Kansas finally found their tournament footing during their 70-58 dismantling of No. 8 seed North Carolina. After once again starting the first half sluggishly and entering halftime down by nine points, the Jayhawks came to life and played lockdown defense to take the Tar Heels completely out of the game. Travis Releford played the game of his life, scoring 22 crucial points, along with his usual defensive prowess. The Jayhawk’s opponent, the No. 4 seeded Michigan Wolverines also shredded their second round opponent, VCU. With the game never in doubt, the Wolverines looked flawless on offense, making a mockery of VCU’s self-proclaimed “havoc” defense. Michigan won by a laughable 25 points, leading many ‘experts’ to pick the cohesive Wolverines to knock off Kansas Friday.
Key Match ups:
Michigan’s Mitch McGary versus Kansas’ Jeff Withey:
Though heralded for their guard play, the matchup between Michigan center McGary and Kansas center Withey will likely be the most important in the game. McGary only averaged 6.8 points per game during the regular season, but has since gone on a tear in the NCAA Tournament. Scoring 13 and 21 points in the first and second rounds respectively. McGary will need to keep his scoring up to keep Michigan relevant in the game.
Jeff Withey is currently, without a doubt, the best defensive player in the country. Picking up five official blocks (probably more) against North Carolina, Withey has blocked 306 shots in his Jayhawk career—a simply staggering number. His play against McGary will be vital to Kansas’ success, and if Withey can significantly limit McGary’s scoring, I am confident in saying that the Jayhawks have a great chance to win the game.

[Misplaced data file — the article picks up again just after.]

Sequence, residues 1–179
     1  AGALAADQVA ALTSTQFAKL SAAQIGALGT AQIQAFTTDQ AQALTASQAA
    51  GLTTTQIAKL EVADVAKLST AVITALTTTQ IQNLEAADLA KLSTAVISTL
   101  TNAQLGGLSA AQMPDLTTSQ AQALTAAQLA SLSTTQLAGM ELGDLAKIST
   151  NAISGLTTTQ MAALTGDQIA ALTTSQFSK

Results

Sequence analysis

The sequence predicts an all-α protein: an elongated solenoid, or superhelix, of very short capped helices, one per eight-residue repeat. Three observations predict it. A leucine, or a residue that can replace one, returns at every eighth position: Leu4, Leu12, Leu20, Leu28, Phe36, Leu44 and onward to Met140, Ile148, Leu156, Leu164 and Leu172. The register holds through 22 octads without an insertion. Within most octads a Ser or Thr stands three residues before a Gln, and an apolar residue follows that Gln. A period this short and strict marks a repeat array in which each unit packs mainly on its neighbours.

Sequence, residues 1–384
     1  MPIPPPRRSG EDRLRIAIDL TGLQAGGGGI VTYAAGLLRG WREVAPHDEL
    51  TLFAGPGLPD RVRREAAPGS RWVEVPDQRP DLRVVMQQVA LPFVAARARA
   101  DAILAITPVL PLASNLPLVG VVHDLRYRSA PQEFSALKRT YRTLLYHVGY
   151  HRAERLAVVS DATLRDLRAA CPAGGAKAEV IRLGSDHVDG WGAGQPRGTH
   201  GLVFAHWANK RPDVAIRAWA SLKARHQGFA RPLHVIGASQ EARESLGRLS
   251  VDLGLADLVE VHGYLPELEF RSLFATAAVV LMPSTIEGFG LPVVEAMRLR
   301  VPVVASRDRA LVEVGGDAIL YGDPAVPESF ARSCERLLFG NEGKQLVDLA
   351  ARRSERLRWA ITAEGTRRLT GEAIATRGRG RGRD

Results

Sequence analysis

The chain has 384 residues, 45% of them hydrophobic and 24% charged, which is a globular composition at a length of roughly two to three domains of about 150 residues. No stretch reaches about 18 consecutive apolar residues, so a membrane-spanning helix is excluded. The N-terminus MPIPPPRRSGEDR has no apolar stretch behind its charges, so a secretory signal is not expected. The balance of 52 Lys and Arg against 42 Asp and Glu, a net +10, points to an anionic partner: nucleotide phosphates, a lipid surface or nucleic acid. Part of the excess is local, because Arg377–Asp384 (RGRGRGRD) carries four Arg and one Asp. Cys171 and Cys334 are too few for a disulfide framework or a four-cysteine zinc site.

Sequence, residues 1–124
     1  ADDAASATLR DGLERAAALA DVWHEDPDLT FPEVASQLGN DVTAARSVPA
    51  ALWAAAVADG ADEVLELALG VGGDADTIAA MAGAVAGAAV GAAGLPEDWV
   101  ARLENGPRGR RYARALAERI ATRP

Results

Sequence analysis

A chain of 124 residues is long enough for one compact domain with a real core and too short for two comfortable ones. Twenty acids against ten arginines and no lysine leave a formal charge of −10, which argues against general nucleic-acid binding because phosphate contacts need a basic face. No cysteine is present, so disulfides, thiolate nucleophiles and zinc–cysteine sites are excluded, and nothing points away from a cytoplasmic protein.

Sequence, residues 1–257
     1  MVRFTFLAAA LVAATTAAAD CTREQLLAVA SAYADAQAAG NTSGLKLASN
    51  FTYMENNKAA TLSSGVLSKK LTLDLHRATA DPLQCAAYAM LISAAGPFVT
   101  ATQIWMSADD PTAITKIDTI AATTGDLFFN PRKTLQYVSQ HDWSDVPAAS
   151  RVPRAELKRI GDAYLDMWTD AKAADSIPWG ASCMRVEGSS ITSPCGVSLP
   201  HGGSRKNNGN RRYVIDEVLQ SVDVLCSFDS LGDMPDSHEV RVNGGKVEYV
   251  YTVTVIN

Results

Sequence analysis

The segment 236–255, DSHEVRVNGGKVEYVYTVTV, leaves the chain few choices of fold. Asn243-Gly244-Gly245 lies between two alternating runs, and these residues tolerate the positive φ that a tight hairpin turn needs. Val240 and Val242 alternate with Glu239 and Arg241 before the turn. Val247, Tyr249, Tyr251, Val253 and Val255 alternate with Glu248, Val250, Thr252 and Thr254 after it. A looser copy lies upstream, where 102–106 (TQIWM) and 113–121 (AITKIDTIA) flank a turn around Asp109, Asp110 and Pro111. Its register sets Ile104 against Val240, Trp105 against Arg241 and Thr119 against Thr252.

Michigan’s Trey Burke versus the Kansas guards:
A Wooden Award Candidate, the 6-foot guard is one of the best players in the country in his all-around game. Averaging a remarkable 18.8 points per game along with 6.7 assists per game and 1.6 steals per game, Burke is a ridiculous match up for any team and is an undeniable key to Michigan’s continued success.
Kansas has been turnover-prone this tournament. There is no way around it. The Jayhawks had 12 turnovers in the first half against North Carolina and if that mark is duplicated against Michigan, Bill Self and the Jayhawks will go home unhappy. Burke will be important to watch in this match up as his quickness and defensive abilities will turn Kansas turnovers into easy Michigan baskets.
Last Time They Met
Kansas traveled to Michigan in January of 2011 and escaped with a 67-60 overtime win against the Wolverines. The No. 3 ranked Jayhawks moved to 15-0 on the season thanks to the Morris twins combining for 35 points. It was an ugly game as both teams shot terribly from the 3-point line (8-for-52 combined). This is the kind of game Bill Self would probably prefer to have on Friday night (although I don’t see KU attempting 24 3-pointers). Unfortunately, this is the type of game that would get everyone extremely nervous watching.
How I See It:
Kansas has to bring their A+ game to Dallas to have a chance against Michigan. Woefully under seeded, Michigan is playing too well for the Jayhawks to do anything less. The Jayhawks must hold the number of turnovers they commit to eight or less, or Michigan will advance to the Elite Eight
Prediction: As much as it kills me as a lifelong Kansas fan to say this, Michigan is moving on in Dallas. Kansas may have a defensive advantage in Withey, but it won’t be enough for the ball-hawking, turnover-forcing Wolverines. Nothing would make me happier than seeing Bill Self return to the Elite Eight once again, but I just don’t see it happening this year.
Prediction: Michigan breaks Kansas’ hearts, sending them home in a 75-69 loss.